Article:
The peaceful disintegration of the Soviet Union twenty-five years ago, on December 26, 1991, astonished nearly everyone in the democratic West. Up until the collapse of its empire, the Soviet Union appeared to have an inexhaustible reservoir of influence and power. Ronald Reagan might have believed—as he predicted in a 1982 speech before the British Parliament—that Marxism-Leninism would be discarded on the “ash heap of history.” But almost no one agreed with him. Even Richard Pipes, a Reagan advisor and a leading Russia historian, called the Soviet Union’s demise “unexpected.”
The resurgence of Russian belligerence, whatever its causes and objectives, makes it vital to remember how profoundly mistaken the majority of Western intelligentsia was about Soviet communism—and why.
Consider a sampling of opinion throughout the 1980s. Columbia University’s Seweryn Bialer insisted that “the Soviet Union is not now nor will be during the next decade in the throes of a true system crisis, for it boasts enormous unused reserves of political and social stability that suffice to endure the deepest difficulties.” MIT economist Lester Thurow called it “a vulgar mistake to think that most people in Eastern Europe are miserable.” Harvard’s John Kenneth Galbraith predicted smooth sailing ahead for the Soviet economy: “The Russian system succeeds because, in contrast to the Western industrial economies, it makes full use of its manpower.”
After Reagan’s Westminster speech, historian Robert Byrnes collected essays from thirty-five experts on the Soviet Union—all from the American academy—in a book entitled After Brezhnev. Their conclusion? The Cold War was here to stay. “The Soviet Union is going to remain a stable state, with a very stable, conservative, immobile government… We don’t see any collapse or weakening of the Soviet system.”
The experts focused on external and materialistic signs of strength: small but steady growth in Soviet GDP and incomes, vast military expenditures, a seemingly stable empire, and a 5-million-strong military to patrol it. At a deep cultural level, however, the moral rot of Soviet society was taking its toll.
The decline was clear to those who took seriously the longings for political and religious freedom: the voices of Soviet dissidents and democratic resistance leaders in Eastern Europe. Pope John Paul II not only legitimized these voices during his historic 1979 trip to Poland, but also helped to catalyze them. As he told a crowd of over a million people in Warsaw’s Victory Square:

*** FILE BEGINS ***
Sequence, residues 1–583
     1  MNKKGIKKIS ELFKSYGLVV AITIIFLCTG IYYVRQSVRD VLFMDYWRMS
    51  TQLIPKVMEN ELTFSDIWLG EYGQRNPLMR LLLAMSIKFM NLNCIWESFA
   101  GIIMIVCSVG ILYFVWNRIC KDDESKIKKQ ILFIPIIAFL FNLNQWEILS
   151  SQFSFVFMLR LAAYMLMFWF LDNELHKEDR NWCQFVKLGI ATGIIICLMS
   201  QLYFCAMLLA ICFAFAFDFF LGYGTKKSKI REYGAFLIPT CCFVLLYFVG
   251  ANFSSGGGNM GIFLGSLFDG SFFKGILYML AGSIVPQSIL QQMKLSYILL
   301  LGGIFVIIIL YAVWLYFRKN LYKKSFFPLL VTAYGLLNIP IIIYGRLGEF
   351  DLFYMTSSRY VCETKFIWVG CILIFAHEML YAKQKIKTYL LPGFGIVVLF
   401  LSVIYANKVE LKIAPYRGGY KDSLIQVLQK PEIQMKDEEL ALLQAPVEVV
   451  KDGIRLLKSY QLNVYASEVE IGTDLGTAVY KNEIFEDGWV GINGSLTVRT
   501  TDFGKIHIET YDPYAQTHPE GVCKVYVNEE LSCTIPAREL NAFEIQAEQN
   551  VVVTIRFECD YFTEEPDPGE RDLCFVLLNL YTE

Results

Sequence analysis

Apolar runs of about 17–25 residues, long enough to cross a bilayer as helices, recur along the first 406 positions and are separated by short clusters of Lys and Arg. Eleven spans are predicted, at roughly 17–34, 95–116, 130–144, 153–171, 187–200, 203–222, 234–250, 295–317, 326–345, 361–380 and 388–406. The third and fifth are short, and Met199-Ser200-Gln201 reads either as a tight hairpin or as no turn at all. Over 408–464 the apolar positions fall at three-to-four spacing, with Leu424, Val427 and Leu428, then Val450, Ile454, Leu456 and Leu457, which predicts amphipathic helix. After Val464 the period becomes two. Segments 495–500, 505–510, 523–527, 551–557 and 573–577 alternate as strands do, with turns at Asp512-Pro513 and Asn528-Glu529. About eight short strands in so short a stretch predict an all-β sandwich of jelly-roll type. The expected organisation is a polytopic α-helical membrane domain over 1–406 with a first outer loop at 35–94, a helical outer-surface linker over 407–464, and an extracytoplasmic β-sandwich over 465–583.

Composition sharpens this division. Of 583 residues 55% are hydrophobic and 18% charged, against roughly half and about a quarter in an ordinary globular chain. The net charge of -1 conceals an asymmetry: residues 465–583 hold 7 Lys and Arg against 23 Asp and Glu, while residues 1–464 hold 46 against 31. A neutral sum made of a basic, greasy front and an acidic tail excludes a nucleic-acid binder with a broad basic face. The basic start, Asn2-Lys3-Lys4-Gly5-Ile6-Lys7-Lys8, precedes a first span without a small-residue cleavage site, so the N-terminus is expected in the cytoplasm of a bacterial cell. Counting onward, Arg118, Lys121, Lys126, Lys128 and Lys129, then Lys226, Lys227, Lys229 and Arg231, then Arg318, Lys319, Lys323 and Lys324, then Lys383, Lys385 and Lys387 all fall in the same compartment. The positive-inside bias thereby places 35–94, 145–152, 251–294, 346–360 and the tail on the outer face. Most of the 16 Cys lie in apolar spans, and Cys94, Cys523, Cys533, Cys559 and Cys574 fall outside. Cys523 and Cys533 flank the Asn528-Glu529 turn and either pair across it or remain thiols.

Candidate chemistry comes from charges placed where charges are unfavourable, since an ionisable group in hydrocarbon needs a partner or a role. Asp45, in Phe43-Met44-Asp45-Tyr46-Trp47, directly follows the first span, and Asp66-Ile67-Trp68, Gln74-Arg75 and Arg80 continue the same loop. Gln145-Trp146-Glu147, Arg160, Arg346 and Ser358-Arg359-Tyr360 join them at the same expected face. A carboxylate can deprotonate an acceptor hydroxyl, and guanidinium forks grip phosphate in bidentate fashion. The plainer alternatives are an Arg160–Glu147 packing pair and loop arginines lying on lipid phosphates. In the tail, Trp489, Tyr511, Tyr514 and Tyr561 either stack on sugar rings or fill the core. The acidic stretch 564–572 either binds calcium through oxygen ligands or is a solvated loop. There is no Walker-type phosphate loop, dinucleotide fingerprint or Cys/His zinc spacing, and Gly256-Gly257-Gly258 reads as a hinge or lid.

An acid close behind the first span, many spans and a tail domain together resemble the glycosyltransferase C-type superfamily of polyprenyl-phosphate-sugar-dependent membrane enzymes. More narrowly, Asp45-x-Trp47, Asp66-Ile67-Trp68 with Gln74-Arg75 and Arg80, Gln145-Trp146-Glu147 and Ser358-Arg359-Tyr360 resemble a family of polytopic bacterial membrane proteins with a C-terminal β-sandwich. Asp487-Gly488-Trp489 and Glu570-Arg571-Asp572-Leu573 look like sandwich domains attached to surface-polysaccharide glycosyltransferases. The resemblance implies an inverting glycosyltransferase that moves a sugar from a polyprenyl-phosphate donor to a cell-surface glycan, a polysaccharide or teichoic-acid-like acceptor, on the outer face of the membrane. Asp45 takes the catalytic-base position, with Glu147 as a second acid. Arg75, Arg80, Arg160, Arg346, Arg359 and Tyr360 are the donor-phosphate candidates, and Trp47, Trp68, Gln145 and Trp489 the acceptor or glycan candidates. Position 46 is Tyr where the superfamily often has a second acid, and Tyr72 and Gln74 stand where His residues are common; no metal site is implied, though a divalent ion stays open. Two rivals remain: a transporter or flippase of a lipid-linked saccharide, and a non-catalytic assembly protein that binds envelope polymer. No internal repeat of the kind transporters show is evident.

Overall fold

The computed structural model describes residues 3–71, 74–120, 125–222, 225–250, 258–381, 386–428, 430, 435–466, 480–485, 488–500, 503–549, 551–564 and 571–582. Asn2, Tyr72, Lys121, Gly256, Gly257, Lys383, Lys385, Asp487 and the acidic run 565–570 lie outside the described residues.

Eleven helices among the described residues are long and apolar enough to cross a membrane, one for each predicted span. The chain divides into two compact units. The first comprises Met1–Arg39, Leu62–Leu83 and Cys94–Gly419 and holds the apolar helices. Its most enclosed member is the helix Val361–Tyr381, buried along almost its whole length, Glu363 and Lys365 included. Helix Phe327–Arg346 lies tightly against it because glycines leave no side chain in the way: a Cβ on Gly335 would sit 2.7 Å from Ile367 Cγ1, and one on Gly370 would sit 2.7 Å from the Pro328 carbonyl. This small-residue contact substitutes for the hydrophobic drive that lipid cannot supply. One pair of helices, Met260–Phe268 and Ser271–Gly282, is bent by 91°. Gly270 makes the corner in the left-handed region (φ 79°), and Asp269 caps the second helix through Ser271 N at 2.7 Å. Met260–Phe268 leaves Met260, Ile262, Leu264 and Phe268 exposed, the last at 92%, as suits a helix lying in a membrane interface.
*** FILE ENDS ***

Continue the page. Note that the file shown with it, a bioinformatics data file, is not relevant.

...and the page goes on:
Man is incapable of understanding himself fully without Christ. He cannot understand who he is, nor what his true dignity is, nor what his vocation is, nor what his final end is…Therefore, Christ cannot be kept out of the history of man in any part of the globe, at any longitude or latitude of geography. The exclusion of Christ from the history of man is an act against man.
Here is the dimension often missing in statecraft—missing, that is, among many of our political, governmental, and academic specialists. It is the power of religious belief to champion human rights, to defend the individual against the State, and to supply the courage to transform political societies.
Atheistic communism revealed itself as an assault on human nature. “It is the Soviet Union that runs against the tide of history,” Reagan told his British audience, “by denying human freedom and human dignity to its citizens.” Like Reagan, Britain’s Margaret Thatcher understood the spiritual dynamic. During her 1988 trip to Poland, Thatcher urged Poland’s communist leadership to allow democratic reforms so that Poland and other Eastern European countries could “share fully in Europe’s culture, Europe’s freedom, and Europe’s justice—treasures which sprang from Christendom.” Western support for Poland’s Solidarity Movement, Reagan and Thatcher said, aimed to tap into the “spiritual energies” of those living under communist rule. This notion was the cornerstone of the Reagan administration’s 1983 national security strategy toward Eastern Europe “to loosen Moscow’s hold on the region while promoting the cause of human rights in individual East European countries.”